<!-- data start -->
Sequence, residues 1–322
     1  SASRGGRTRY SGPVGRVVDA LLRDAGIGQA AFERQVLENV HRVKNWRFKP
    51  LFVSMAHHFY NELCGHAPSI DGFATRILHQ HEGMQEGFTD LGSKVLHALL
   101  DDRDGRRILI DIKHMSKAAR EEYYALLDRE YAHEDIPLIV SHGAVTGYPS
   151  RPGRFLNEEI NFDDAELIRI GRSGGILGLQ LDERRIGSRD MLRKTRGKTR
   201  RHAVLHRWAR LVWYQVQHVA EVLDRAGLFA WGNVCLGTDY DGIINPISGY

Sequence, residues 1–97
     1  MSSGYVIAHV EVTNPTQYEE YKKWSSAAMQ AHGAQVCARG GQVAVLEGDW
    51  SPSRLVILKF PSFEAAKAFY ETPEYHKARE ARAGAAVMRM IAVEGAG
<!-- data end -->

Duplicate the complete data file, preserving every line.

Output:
Sequence, residues 1–322
     1  SASRGGRTRY SGPVGRVVDA LLRDAGIGQA AFERQVLENV HRVKNWRFKP
    51  LFVSMAHHFY NELCGHAPSI DGFATRILHQ HEGMQEGFTD LGSKVLHALL
   101  DDRDGRRILI DIKHMSKAAR EEYYALLDRE YAHEDIPLIV SHGAVTGYPS
   151  RPGRFLNEEI NFDDAELIRI GRSGGILGLQ LDERRIGSRD MLRKTRGKTR
   201  RHAVLHRWAR LVWYQVQHVA EVLDRAGLFA WGNVCLGTDY DGIINPISGY

Sequence, residues 1–97
     1  MSSGYVIAHV EVTNPTQYEE YKKWSSAAMQ AHGAQVCARG GQVAVLEGDW
    51  SPSRLVILKF PSFEAAKAFY ETPEYHKARE ARAGAAVMRM IAVEGAG